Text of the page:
Broadband Access a Health Issue for Seniors
Wisconsin trails 32 states in percent of those over 65 who have access to high-speed internet.
Wisconsin is investing millions in broadband after its importance was underscored during the pandemic when it allowed some people to work from home and students to attend school virtually. But some say more needs to be done.
On Friday, Democratic U.S. Sen. Tammy Baldwin was in Wausau urging Congress to pass bipartisan legislation to expand access to reliable, high-speed broadband across Wisconsin. The legislation would help close the digital divide in Wisconsin, Baldwin said, by investing $65 billion to bring affordable, reliable coverage to every family in America.
America’s Health Rankings, compiled by UnitedHealth Foundation, ranked Wisconsin 33rd for the percentage of people 65 and older who have access to high-speed internet. The organization said lacking that access contributes to widespread levels of social isolation, especially in Ashland, Menominee and Milwaukee counties.
Data for the America’s Health Rankings Senior Report was compiled before the pandemic, which temporarily stopped visits at nursing homes and prompted senior centers to close.
“It’s great if you can use FaceTime or Skype or Zoom. But if they don’t have a broadband connection, you’re resorting to people standing out in your front lawn if they happen to live close enough for a window visit, which in the dead of winter in Wisconsin isn’t likely to happen,” said Janet Zander, policy coordinator for the Wisconsin Aging Advocacy Network, which recently issued its own report on internet access for older adults.
High speed internet increased 10 percent nationally between 2016-2019 for those 65 plus, according to America’s Health Rankings Senior Report.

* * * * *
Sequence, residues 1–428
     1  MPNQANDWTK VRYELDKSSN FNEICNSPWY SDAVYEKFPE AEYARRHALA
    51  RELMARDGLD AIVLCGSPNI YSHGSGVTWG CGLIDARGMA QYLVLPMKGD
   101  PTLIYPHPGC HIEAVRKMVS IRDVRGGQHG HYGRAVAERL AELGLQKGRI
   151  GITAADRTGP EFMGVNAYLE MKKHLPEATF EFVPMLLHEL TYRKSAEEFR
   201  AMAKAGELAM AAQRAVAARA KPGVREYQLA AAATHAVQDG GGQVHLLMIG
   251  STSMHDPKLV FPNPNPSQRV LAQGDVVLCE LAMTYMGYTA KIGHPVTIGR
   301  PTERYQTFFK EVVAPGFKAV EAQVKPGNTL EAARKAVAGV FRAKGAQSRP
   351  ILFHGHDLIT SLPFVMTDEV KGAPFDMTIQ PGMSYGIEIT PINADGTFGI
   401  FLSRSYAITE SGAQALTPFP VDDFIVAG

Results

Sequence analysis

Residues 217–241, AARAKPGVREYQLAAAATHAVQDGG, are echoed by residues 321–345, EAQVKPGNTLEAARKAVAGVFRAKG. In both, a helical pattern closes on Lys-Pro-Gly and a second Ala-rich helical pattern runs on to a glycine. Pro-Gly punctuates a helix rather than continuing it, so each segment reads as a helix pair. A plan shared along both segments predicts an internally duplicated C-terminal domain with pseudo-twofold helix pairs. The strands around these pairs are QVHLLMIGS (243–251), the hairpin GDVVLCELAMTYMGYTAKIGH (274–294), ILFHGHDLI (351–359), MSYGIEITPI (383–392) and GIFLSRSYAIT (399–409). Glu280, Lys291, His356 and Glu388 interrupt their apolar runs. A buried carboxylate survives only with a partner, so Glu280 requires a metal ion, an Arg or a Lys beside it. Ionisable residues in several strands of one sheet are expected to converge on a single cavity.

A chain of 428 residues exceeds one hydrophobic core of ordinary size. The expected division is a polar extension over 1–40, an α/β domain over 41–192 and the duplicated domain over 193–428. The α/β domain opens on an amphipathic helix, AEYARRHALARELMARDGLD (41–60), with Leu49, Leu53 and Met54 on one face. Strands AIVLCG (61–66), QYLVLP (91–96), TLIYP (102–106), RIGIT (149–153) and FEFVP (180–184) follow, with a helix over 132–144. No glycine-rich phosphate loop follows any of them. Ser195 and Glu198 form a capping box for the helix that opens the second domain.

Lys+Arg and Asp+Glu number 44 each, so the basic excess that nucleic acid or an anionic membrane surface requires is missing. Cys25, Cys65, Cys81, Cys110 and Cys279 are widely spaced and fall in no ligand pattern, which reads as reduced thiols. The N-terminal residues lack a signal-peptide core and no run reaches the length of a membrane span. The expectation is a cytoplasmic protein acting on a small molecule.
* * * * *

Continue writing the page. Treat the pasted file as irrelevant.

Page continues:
In 2019, 78 percent of households with adults ages 65 and older had high-speed internet, compared to 88 percent of households of all ages with high-speed internet.
The report said 75 percent of older households in Wisconsin had high speed internet via computer or smartphone before the pandemic. It was one of several challenges cited by the report to health among older adults along with excessive drinking and obesity.
On Thursday, Gov. Tony Evers signed a two-year budget which includes $129 million for the Broadband Expansion Grant Program. Evers, a democrat, and GOP lawmakers agreed on the need to improve broadband across Wisconsin but disagreed on how to fund it. The Republican-controlled budget-writing committee approved $129 million through bonding. Evers, who wanted $200 million, said bonding would cost taxpayers more in the long run, but nevertheless agreed to it in the final budget.
Groups representing older adults expressed their disappointment in the level of funding for broadband, which AARP Wisconsin said “is no longer a luxury for folks of all ages — it’s a necessity.”
“We have great faith that our state lawmakers can work together in a bipartisan manner to pass legislation this fall that truly reflects the critical wants and needs of our most vulnerable citizens. In order to achieve this, however, we ask them once again to put politics aside and act in the best interest of all Wisconsinites,” said AARP State Director Sam Wilson in a statement.
Listen to the WPR report here.
Report: Broadband Keeps Older Wisconsinites Connected, Healthy was originally published by Wisconsin Public Radio.